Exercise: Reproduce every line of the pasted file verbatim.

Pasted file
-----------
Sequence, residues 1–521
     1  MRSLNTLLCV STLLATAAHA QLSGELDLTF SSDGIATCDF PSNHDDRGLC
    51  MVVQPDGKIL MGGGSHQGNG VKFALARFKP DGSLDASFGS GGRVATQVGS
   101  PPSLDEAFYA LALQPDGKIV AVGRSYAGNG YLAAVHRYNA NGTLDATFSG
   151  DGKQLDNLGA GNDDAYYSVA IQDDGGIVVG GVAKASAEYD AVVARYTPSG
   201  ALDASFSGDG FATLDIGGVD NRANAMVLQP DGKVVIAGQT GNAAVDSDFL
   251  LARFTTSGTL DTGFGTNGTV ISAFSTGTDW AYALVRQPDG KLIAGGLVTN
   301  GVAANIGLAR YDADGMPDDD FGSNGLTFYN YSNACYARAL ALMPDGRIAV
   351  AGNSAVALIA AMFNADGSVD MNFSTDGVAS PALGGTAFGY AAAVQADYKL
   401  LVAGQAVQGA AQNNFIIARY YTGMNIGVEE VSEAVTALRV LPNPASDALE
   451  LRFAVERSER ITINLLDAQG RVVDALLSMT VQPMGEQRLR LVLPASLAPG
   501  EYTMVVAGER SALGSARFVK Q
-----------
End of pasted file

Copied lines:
Sequence, residues 1–521
     1  MRSLNTLLCV STLLATAAHA QLSGELDLTF SSDGIATCDF PSNHDDRGLC
    51  MVVQPDGKIL MGGGSHQGNG VKFALARFKP DGSLDASFGS GGRVATQVGS
   101  PPSLDEAFYA LALQPDGKIV AVGRSYAGNG YLAAVHRYNA NGTLDATFSG
   151  DGKQLDNLGA GNDDAYYSVA IQDDGGIVVG GVAKASAEYD AVVARYTPSG
   201  ALDASFSGDG FATLDIGGVD NRANAMVLQP DGKVVIAGQT GNAAVDSDFL
   251  LARFTTSGTL DTGFGTNGTV ISAFSTGTDW AYALVRQPDG KLIAGGLVTN
   301  GVAANIGLAR YDADGMPDDD FGSNGLTFYN YSNACYARAL ALMPDGRIAV
   351  AGNSAVALIA AMFNADGSVD MNFSTDGVAS PALGGTAFGY AAAVQADYKL
   401  LVAGQAVQGA AQNNFIIARY YTGMNIGVEE VSEAVTALRV LPNPASDALE
   451  LRFAVERSER ITINLLDAQG RVVDALLSMT VQPMGEQRLR LVLPASLAPG
   501  EYTMVVAGER SALGSARFVK Q